Water breaks, ice baths, modified training: Youth sports organisers do more to beat the


But when is it too hot to stop physical activities outdoors?

Dr Ian Mathews, senior consultant at the National University Hospital’s department of emergency medicine, said there is no fixed temperature to determine this, but an average temperature of 36 degrees Celsius coupled with Singapore’s humidity is already in the dangerous territory.

Humidity last week was around 75 per cent due to the recent rainy season, Dr Mathews noted.

Singapore also uses the Wet-Bulb Globe Temperature in assessing heat stress. Days of high heat stress occur when wet bulb temperatures equal or exceed 33 degrees Celsius, with Singapore experiencing 37 such days last year.

Dr Mathews said: “Roughly anything above outdoor temperatures of 32 degrees, in our climate, we should already start thinking about ensuring adequate hydration beforehand.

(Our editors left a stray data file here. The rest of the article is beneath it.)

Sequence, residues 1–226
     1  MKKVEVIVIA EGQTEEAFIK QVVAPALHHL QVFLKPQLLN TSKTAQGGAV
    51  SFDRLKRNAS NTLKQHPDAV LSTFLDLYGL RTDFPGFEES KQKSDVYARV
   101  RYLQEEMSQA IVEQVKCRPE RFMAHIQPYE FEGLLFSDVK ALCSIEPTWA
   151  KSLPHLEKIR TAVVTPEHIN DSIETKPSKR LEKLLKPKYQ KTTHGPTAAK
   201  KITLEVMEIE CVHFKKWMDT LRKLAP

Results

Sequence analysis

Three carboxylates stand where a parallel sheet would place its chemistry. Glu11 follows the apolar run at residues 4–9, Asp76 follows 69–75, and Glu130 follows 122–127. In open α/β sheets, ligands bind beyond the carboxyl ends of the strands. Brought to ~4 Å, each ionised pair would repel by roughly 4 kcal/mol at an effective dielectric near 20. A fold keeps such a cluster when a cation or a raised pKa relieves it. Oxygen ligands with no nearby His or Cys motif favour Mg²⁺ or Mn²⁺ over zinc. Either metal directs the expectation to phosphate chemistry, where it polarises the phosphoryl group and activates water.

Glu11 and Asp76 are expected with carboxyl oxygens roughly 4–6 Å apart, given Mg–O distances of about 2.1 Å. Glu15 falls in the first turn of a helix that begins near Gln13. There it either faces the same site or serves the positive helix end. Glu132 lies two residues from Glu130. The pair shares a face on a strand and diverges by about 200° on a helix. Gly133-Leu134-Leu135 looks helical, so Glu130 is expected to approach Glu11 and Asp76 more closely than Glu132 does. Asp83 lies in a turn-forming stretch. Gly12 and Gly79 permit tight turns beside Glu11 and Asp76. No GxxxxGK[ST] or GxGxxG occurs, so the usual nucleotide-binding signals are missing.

“When we’re getting to 36 degrees Celsius, we should start thinking to hold off such exercise and activities as well.”

He noted that youths are more vulnerable to heat injuries compared with adults for a variety of reasons, including a high basal metabolic rate. 

Youths also absorb more environmental heat, which increases their core body temperature, and they sweat less and at higher temperatures.

“More importantly, (a lot of adults) make conscious efforts to hydrate before exercise, before sport. But kids may not have that same mentality … to actively hydrate before an event, and they only seek hydration when they are thirsty or dehydrated already,” Dr Mathews said.

He advised that youths wear loose clothing during sporting activities. If they start feeling drowsy or lethargic, they should be moved to a shaded area and their clothing should be removed or loosened.

Dr Mathews also pointed out some early signs and symptoms of heat injuries, including dizziness, lightheadedness, headaches, nausea, vomiting and profuse sweating.

‘You can actually stop sweating because of the body being too dehydrated as well, so those are more dangerous warning signs. Please call an ambulance in those situations,” he added.

This article was originally published by a www.channelnewsasia.com . Read the Original article here. .